The Bosnians of Salt Lake City and the best Balkan quote ever

salt-lake-city

A rather wonderful illustration of how the earthiness of Bosnian culture confounds assumptions about a puritanical Islam is provided by Ed Vulliamy in his book The War is Dead, Long Live the War.

He writes about the surprisingly large community of Bosnians in Salt Lake City. It is replete with examples of how the earthiness of the Bosnians contrasts with the clean cut mormons. This is wonderfully summed up by a welder named Arnel Begovic who says:

“Mormon man is crazy man. He is Christian, he have five wives and do not drink. I am Muslim, I have one wife and I want a drink!”*

You can read much of what Vulliamy has to say in this article though not alas Begovic’s quote.

*Mormons don’t really practice polygamy anymore but the quotes still funny

The story of my favourite blog post

depression xalt

My favourite blog post ever is Hyperbole and a half’s wonderful explanation of what it’s like to have depression. Salon carries an interview with its author Allie Brosh.

Having known several people who suffer from depression, I know it’s a hard thing to talk about — let alone share with the world. Why did you write about depression?

I thought a lot about this, and I think that putting it out there was sort of my way of owning it. You know, taking this scary thing, the worst thing that has ever happened to me, and just looking at it, and examining how absurd it is, was really liberating.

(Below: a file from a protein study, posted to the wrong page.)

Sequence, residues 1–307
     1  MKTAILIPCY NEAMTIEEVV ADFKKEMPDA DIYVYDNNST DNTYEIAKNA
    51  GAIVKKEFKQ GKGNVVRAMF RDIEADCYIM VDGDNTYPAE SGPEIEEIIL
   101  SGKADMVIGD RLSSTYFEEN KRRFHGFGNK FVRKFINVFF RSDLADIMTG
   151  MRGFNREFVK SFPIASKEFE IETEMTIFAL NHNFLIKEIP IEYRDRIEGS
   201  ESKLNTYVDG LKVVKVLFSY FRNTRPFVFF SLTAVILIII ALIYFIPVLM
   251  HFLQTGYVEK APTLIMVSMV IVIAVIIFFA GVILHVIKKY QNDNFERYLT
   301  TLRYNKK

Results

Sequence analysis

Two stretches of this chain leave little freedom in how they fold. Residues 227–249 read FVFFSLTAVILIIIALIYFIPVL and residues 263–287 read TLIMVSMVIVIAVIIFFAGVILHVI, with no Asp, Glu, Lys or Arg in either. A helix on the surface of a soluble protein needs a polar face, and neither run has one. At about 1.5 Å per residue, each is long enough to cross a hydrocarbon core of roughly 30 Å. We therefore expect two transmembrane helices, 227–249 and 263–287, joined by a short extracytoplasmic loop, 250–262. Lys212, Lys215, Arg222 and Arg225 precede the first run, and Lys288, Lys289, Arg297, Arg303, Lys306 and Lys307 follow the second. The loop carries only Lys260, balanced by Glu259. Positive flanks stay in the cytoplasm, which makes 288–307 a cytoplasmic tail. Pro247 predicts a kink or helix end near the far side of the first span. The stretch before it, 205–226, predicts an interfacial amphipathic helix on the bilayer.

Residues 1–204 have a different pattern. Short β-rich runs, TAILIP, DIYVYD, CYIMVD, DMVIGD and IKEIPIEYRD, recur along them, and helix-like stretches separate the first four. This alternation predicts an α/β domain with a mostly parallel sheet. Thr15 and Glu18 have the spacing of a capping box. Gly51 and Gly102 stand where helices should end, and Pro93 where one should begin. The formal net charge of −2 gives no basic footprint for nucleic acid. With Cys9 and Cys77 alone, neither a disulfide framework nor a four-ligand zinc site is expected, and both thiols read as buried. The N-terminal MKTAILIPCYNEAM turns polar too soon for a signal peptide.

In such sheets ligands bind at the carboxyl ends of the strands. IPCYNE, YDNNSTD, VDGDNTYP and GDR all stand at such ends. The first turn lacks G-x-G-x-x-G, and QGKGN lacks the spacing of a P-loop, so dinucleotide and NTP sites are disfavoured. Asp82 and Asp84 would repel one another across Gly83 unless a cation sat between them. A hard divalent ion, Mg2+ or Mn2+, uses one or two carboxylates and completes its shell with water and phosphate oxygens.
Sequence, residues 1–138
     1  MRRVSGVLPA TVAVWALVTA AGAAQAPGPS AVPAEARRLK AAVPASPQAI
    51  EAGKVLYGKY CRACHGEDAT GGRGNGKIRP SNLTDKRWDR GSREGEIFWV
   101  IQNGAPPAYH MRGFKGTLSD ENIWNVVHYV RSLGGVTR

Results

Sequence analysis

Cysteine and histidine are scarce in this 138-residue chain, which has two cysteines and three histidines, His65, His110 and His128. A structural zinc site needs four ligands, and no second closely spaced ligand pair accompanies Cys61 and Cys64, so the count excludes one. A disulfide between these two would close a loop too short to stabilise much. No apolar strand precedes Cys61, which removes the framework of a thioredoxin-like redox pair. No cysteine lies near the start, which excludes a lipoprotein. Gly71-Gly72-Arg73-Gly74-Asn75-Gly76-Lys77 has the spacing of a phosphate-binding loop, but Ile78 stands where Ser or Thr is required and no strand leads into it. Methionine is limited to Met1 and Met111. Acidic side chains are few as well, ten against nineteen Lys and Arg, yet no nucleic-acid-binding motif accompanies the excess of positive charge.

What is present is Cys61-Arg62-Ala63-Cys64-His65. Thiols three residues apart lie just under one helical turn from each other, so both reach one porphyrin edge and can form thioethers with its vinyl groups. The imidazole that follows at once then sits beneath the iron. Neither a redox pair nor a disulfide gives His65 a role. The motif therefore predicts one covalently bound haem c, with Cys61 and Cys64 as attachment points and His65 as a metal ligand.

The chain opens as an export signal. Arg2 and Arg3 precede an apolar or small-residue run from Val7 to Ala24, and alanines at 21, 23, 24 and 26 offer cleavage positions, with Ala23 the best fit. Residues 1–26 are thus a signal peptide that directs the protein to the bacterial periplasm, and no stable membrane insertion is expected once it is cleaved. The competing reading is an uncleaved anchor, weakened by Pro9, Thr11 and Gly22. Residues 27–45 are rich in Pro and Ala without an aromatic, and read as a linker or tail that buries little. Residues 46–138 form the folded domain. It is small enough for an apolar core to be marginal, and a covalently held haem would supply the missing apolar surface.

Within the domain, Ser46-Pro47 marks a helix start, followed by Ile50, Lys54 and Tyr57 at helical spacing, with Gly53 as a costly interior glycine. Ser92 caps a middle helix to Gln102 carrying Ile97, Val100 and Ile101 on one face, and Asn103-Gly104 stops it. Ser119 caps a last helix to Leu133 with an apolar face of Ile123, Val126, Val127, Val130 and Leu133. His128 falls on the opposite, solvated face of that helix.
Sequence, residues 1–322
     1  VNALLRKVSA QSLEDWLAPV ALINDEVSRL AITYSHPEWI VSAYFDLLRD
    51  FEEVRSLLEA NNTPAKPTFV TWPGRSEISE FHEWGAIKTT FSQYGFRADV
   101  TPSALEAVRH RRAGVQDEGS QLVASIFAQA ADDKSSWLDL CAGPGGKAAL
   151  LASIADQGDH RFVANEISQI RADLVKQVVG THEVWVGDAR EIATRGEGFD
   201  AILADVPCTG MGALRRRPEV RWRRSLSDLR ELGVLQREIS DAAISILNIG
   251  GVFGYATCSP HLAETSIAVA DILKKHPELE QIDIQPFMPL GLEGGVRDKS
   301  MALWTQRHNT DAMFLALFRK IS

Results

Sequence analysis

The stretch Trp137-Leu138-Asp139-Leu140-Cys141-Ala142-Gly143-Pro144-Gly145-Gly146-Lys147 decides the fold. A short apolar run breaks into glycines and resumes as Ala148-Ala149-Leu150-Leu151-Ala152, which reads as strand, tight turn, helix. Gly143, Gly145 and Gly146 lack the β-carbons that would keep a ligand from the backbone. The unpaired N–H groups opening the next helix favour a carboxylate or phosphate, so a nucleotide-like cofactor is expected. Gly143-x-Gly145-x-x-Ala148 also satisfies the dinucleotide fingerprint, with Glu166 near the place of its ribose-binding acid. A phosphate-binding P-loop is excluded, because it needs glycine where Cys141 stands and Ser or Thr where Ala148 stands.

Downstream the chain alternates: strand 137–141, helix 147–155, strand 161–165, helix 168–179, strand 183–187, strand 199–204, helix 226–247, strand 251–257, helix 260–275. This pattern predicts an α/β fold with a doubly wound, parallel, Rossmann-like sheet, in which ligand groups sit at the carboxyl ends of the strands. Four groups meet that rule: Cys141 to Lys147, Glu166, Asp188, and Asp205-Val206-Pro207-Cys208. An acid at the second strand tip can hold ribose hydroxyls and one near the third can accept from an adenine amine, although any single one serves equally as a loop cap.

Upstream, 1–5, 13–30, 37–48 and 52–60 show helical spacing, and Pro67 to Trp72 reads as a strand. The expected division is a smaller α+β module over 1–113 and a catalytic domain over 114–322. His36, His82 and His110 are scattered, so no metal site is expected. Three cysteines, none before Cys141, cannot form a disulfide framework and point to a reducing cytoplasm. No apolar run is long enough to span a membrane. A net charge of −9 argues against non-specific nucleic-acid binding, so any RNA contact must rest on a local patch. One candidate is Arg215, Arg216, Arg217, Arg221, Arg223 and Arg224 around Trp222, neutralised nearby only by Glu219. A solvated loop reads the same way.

I’ve been working on [the post] for a very long time. Probably over a year. Once the depression got bad – my way of sorting through things and finding out how to progress during a difficult time in my life is really to think about it. I’m sort of a self-fixer — where if something’s wrong I just go into my head and just think about it and think about it until I find some way to either fix it or deal with it mentally, and in the process of that, I do a lot of writing, just to sort things out. So I’d written part one, and I thought it was over after I’d written that, like, “Oh yeah, that was my experience with depression and it’s done now!” That was not the case. Very much not the case.

What kind of feedback did you get?

I got a lot of feedback – depression is such an isolating experience, and because of that it’s sort of surprising to see how many people sort of feel the same way or identify with this totally isolating experience I went through. And yeah, I like seeing how helpful it was to people; there were some people who didn’t even realize they were depressed, and they got help because of it. People who wouldn’t have felt comfortable talking about it, were coming up and talking to me about it. So it was helpful, it was helpful to me to see – as it would be helpful for a reader to see this and think, I’m not alone, it was helpful for me to get that feedback from people.